December 4, 2008
Digest: A town/village justice is not ethically prohibited from applying for and receiving permissible attorney’s fees and disbursements for services he/she performed as a fiduciary pursuant to a surrogate judge’s order, which continued his/her earlier fiduciary appointment, after Part 36 of the Rules of the Chief Judge was amended to prohibit the appointment of judges of the Unified Court System as fiduciaries.
Rules: 22 NYCRR Part 36; 100.2; 100.2(A); Opinions 02-37; 99-115 (Vol. XVIII).
In 1997, before the inquiring lawyer town/village justice assumed the bench, a surrogate judge appointed him/her to a fiduciary position that was subject to the provisions of Part 36 of the Rules of the Chief Judge (see 22 NYCRR Part 36). The inquirer was not a town/village justice at the time. The inquirer performed fiduciary services in the same case at various times until 2007. In 2000, the inquirer was appointed a Village Justice, subsequently was elected to a full-term as Village Justice, and thereafter re-elected to subsequent terms, and currently holds that office.
In 2003, due to the inquirer’s extensive knowledge of the case, a successor surrogate again sought the inquirer’s fiduciary services in the same case. The inquirer, however, notified the successor Surrogate in writing that he/she could no longer serve as a fiduciary because a recent amendment to the provisions of Part 36 prohibits appointment of a judge of the Unified Court System as a fiduciary. Nevertheless, the successor Surrogate advised the inquirer that he/she had determined that there was no problem if the inquirer continued to serve as a fiduciary in the case as he/she was originally appointed before the amendment to Part 36 took effect. The successor Surrogate then issued an order again appointing the inquirer as a fiduciary in the case. The inquirer thereafter filed a Notice of Appointment and Certificate of Compliance with the court, and clearly indicated that he/she was not in compliance with Part 36. The inquirer continued to perform fiduciary services related to the case until it was concluded.
In 2007, after the case was concluded, the inquirer submitted an application to the Surrogate’s court for attorney’s fees and disbursements. The referee who reviewed the application contacted the inquirer and questioned whether he/she can receive compensation for fiduciary services provided after Part 36 was amended to prohibit the appointment of judges of the Unified Court System as fiduciaries.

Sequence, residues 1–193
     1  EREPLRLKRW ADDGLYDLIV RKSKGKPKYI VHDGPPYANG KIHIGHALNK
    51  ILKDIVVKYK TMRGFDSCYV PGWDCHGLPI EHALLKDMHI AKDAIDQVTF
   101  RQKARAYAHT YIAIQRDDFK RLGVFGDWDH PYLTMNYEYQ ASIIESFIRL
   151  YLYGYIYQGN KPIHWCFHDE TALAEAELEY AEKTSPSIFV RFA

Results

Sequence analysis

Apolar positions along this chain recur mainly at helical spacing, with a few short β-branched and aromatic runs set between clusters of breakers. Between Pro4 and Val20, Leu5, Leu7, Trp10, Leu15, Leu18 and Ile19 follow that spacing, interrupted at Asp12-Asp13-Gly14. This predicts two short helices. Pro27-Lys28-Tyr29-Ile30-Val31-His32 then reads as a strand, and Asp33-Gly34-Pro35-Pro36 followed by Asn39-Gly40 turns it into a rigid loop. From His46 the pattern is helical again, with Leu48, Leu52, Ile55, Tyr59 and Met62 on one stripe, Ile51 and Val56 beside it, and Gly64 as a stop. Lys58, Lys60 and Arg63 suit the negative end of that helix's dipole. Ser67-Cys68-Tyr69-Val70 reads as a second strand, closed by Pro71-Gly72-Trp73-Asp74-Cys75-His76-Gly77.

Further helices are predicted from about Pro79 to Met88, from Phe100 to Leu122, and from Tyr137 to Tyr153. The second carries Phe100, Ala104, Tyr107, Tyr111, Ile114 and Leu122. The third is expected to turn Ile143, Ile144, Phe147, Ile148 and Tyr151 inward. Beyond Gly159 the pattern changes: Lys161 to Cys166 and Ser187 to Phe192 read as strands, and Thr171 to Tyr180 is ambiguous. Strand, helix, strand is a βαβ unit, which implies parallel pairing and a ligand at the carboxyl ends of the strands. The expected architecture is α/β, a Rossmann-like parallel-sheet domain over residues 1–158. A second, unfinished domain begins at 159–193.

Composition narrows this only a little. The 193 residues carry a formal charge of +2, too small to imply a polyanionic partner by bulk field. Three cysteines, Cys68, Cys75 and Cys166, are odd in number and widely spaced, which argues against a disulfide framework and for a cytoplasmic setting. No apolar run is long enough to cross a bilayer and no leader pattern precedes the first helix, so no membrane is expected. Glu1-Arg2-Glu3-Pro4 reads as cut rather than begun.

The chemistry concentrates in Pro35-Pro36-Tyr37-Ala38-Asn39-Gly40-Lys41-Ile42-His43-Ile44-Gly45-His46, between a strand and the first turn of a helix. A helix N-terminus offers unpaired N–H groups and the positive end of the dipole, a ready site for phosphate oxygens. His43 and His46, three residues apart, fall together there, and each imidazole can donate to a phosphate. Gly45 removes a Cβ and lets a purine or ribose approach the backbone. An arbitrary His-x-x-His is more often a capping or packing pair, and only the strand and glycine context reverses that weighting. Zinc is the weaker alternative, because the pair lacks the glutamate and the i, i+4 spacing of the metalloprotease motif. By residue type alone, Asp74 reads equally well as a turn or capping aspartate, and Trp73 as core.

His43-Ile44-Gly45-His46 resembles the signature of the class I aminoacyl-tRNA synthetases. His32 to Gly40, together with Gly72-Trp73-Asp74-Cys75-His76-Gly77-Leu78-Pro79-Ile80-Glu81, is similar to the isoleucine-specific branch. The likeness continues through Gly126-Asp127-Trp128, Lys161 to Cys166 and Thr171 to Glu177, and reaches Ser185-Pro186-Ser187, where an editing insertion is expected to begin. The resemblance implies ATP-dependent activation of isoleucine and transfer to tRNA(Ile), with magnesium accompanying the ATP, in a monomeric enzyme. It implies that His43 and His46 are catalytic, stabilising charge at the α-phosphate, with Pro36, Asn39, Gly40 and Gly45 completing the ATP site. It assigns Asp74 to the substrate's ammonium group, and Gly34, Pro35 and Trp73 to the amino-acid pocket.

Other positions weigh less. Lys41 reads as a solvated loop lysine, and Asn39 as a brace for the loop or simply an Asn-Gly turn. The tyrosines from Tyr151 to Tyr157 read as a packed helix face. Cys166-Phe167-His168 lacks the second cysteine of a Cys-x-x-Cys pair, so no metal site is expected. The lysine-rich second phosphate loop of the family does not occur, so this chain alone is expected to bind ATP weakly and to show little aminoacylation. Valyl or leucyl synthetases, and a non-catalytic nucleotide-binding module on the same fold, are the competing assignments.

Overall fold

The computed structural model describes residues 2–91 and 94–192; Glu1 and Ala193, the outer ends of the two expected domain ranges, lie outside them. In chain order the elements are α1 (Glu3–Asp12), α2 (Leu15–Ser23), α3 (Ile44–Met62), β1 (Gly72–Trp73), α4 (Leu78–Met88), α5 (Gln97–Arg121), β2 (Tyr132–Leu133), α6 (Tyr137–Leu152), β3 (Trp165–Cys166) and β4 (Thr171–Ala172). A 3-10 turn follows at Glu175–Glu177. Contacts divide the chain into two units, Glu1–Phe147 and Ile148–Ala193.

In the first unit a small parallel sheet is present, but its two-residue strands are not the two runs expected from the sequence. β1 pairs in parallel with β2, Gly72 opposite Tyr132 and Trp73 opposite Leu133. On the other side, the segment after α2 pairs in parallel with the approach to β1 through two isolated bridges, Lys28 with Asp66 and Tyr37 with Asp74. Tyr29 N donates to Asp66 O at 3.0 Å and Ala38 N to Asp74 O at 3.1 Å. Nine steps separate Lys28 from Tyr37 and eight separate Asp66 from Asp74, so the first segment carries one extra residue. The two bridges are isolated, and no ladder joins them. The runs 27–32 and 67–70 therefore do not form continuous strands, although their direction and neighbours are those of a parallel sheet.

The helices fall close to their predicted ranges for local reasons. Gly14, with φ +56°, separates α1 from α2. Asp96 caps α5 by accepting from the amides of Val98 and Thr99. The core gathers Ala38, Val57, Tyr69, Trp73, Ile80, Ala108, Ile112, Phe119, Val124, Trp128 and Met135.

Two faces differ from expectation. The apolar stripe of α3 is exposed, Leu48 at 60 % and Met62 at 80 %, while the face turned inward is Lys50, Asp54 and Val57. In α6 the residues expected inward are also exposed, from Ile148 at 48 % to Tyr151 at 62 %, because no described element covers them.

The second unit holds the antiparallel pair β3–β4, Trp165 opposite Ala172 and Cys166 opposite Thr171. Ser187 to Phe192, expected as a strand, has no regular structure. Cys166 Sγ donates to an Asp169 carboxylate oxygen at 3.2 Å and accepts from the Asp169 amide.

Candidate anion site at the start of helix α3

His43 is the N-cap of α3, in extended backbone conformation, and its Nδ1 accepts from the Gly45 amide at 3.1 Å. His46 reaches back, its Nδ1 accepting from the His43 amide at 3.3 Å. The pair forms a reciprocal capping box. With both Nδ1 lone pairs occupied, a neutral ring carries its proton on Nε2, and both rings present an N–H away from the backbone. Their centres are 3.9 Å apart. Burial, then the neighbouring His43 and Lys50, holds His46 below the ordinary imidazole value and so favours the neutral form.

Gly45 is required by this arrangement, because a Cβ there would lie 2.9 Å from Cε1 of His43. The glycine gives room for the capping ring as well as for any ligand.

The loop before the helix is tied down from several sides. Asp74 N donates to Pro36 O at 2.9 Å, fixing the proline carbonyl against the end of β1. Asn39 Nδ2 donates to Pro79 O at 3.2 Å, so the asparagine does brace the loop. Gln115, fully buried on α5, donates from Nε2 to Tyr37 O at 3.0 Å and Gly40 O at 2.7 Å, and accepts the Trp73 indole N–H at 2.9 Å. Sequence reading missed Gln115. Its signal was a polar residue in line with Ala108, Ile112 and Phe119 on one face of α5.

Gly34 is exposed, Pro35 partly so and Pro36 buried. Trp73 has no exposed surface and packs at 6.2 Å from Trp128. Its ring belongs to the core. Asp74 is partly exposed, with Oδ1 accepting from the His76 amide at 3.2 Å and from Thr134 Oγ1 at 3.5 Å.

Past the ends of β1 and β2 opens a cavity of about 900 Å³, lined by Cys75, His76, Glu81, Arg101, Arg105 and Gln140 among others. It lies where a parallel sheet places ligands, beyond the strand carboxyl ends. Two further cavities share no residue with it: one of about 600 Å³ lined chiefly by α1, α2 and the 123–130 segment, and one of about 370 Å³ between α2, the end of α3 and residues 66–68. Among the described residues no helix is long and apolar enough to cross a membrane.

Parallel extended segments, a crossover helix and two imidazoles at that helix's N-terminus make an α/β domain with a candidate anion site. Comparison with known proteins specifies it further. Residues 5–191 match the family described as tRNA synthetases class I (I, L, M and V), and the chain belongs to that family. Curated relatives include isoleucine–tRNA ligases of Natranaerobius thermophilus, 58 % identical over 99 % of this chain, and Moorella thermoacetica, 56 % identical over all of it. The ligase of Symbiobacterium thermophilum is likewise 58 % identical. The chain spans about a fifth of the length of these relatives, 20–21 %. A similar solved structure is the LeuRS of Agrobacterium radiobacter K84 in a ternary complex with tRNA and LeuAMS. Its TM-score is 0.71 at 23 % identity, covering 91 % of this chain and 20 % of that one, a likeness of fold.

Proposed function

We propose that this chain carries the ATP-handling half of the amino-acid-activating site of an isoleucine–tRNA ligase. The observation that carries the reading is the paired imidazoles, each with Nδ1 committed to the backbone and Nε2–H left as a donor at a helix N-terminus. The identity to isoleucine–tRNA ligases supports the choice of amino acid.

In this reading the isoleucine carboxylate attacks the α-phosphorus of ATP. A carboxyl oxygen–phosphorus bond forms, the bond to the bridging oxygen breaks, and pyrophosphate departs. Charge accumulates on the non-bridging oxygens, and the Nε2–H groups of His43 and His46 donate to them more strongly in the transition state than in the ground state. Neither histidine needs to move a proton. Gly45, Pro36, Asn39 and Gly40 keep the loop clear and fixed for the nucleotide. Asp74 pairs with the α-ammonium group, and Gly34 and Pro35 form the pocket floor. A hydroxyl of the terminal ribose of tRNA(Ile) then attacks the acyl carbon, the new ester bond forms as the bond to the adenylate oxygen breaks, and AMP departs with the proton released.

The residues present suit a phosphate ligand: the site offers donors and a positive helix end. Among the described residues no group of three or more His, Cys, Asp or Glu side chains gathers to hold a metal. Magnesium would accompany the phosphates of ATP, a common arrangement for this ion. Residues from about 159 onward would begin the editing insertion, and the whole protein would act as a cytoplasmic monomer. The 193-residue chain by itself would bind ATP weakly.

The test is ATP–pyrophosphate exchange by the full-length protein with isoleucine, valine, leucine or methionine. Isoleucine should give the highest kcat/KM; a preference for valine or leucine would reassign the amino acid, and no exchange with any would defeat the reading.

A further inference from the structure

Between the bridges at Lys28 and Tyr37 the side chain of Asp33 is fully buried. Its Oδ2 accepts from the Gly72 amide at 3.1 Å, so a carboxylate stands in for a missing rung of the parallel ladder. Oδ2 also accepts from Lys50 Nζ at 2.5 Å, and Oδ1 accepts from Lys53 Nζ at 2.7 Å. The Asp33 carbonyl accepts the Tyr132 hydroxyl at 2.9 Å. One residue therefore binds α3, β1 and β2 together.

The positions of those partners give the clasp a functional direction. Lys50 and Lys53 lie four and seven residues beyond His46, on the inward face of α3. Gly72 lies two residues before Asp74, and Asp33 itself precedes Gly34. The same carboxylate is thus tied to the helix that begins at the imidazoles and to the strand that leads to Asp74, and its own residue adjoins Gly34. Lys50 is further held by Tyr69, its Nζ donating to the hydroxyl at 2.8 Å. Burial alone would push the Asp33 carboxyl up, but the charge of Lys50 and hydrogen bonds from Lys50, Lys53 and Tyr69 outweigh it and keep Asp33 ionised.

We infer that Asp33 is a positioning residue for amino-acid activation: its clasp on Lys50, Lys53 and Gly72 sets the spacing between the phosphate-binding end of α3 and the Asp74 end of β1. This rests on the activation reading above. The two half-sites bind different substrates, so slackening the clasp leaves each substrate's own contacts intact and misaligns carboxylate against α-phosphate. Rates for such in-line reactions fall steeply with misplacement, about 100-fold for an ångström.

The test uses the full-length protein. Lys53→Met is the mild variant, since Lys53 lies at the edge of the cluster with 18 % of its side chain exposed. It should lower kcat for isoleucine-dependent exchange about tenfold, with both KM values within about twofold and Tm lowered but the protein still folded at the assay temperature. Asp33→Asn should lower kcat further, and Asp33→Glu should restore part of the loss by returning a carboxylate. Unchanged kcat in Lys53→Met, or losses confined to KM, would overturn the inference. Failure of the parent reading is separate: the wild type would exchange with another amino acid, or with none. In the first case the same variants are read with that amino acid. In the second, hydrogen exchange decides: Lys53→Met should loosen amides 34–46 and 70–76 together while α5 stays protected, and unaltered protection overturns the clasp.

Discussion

A presiding subsequent successor surrogate thereafter issued an order denying the inquirer’s application for attorney’s fees without prejudice, and with leave to renew the application upon obtaining an opinion from the Advisory Committee on Judicial Ethics as to the ethical propriety of the following circumstances:
Whether the Part 36 Rules in effect during the time the inquirer served as a fiduciary prohibit him/her from accepting, or continuing, the appointment as a fiduciary while he/she contemporaneously served as a part-time judge.
Whether the Part 36 Rules in effect at the time the inquirer was serving as a fiduciary prohibited him/her from receiving compensation while he/she was contemporaneously serving as a part-time judge.
Whether the inquirer is required to make restitution to his/her ward for compensation collected, if any, in the event that he/she was prohibited from receiving such compensation while serving as a fiduciary contemporaneously with serving as a part-time judge.
Whether the opinions of the Advisory Committee on Judicial Ethics in effect during the time the inquirer was serving as a fiduciary contemporaneously with serving as a part-time judge were/are binding on him/her.
Whether any of the recent opinions of the Advisory Committee on Judicial Ethics are to be applied retroactively or are to supercede any of its prior opinions which were in effect during the course of the inquirer’s contemporaneous service as a fiduciary and as a part-time judge.
Whether the inquirer was under an obligation or continuing obligation to be self-apprised of, and to comply with, the Part 36 Rules in effect during his/her contemporaneous service as a fiduciary and part-time judge.